All too often, during such wrenching transitions, the voice of the learner gets muffled.

For that reason, we feel compelled to articulate the opportunities for students in this brave electronic world, to assert their needs and–we dare say–rights.  

We also recognize some broader hopes and aspirations for the best online learning. We include those principles as an integral addendum to the Bill of Rights below.

Our broad goal is to inspire an open, learner-centered dialogue around the rights, responsibilities, and possibilities for education in the globally-connected world of the present and beyond.

Bill of Rights and Principles for Learning in the Digital Age

This document can’t be complete without continuous and dynamic contributions and revisions from students.  We invite students everywhere to read this beginning, to talk about it, and to add to it. Remix, rehash, and hack this Bill of Rights, adding your own thoughts and perspective.   On Twitter, please use the hashtag #learnersrights when you share your responses and adaptations.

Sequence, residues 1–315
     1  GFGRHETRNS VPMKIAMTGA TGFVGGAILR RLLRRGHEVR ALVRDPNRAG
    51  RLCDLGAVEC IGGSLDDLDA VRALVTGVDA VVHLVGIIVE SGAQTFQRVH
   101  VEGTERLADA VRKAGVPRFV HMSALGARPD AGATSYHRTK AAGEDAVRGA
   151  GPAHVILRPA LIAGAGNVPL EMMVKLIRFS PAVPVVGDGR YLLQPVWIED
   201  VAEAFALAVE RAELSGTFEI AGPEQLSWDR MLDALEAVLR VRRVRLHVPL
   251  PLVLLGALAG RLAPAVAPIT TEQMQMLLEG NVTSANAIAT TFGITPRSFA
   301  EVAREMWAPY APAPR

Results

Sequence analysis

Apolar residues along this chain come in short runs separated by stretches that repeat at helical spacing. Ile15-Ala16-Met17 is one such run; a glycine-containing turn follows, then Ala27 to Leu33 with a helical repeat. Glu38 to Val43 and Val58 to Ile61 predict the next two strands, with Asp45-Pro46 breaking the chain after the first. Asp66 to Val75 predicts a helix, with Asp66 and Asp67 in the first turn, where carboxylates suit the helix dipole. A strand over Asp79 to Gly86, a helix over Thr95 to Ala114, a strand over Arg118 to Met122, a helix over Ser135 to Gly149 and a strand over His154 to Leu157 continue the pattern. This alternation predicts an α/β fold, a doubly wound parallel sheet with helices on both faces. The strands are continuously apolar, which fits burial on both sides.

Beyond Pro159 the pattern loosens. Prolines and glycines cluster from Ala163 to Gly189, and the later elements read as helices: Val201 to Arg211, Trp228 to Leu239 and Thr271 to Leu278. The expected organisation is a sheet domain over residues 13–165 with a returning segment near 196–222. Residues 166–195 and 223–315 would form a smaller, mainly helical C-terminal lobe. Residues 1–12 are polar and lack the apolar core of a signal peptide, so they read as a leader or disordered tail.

For more on the background of this Bill or Rights and Pricinciples for Learning in the Digital Age, please see Cathy’s Davidson’s blog

January 18, 2013
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Academe reacts to Aaron Swartz’s suicide

Reacting to Aaron Swartz’s suicide [Jaschik] — from by Scott Jaschik

The suicide Friday of Aaron Swartz, who was a leading and controversial figure in the hacking and open access movements, reverberated through academe over the weekend.

Many academic advocates for making journal articles and scholarly research findings freely available online considered him a hero. Praise for him came even from many who disagreed with the extent of his use of hacking to make his point. And the Massachusetts Institute of Technology announced Sunday that it would review its role in Swartz’s legal struggles.

Swartz was only 26 at the time of his death, and he was a major player in technology well before the JSTOR incident at MIT. Here is the article about his career and death in The New York Times. Here is Swartz’s biography on his website.